I’ve written about my models for how to motivate doing things you aren’t good at. Such skills are important in many fields, but especially so in leadership. More than having to motivate yourself to do things for the first time, you often have to motivate many others to do things they haven’t done.
One is my practice of having low standards the first time I do something, which motivates doing things the first time at all. I can always improve later. But I have to try once to get to later tries.
Another is Martha Graham’s statement:
Nobody cares if you can’t dance well. Just get up and dance. Great dancers are not great because of their technique, they are great because of their passion.
She was a great dancer who did it her way and revolutionized the genre.
I saw a clip from one of my favorite movies, Harold and Maude, that I thought beautifully illustrated Martha Graham’s quote. The character can’t hold a tune, can’t play the piano, and doesn’t dance well. She makes her audience cringe. Yet she steals the show. Take a look for yourself.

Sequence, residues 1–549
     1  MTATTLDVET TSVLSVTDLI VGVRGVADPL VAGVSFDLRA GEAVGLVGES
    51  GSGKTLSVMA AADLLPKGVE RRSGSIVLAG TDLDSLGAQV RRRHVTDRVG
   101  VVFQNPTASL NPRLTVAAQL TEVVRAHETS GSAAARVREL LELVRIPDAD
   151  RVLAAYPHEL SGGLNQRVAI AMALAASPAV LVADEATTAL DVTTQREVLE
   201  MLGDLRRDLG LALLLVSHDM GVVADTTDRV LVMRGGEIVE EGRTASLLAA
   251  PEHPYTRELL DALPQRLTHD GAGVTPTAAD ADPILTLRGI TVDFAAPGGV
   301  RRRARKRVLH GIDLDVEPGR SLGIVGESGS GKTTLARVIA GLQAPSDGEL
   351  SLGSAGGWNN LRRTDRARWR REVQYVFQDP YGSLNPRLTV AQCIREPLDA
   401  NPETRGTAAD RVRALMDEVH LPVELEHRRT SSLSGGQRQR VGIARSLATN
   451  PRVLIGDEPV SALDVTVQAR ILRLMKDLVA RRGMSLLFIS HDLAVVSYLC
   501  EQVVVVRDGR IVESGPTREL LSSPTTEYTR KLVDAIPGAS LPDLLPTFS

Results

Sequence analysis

How many of us have the guts to do it as best we can and make it succeed no matter what?
On Harold and Maude
I could give some background on the movie to give context to the clip and explain why I love it, but I highly recommend seeing it instead of relying on my description. here’s the top of its Wikipedia page:
Harold and Maude is a 1971 American black comedy romantic drama film directed by Hal Ashby and released by Paramount Pictures. It incorporates elements of dark humor and existentialist drama, with a plot that revolves around the exploits of a young man named Harold (played by Bud Cort) intrigued with death. Harold drifts away from the life that his detached mother (Vivian Pickles) prescribes for him, and develops a relationship with a 79-year-old woman named Maude (Ruth Gordon).
The film was a critical and commercial flop in its original release, but since that time opinion has shifted rather dramatically. The film is ranked number 45 on the American Film Institute’s list of 100 Funniest Movies of all Time, and was selected for preservation in the National Film Registry of the Library of Congress in 1997 for being “culturally, historically, or aesthetically significant”.
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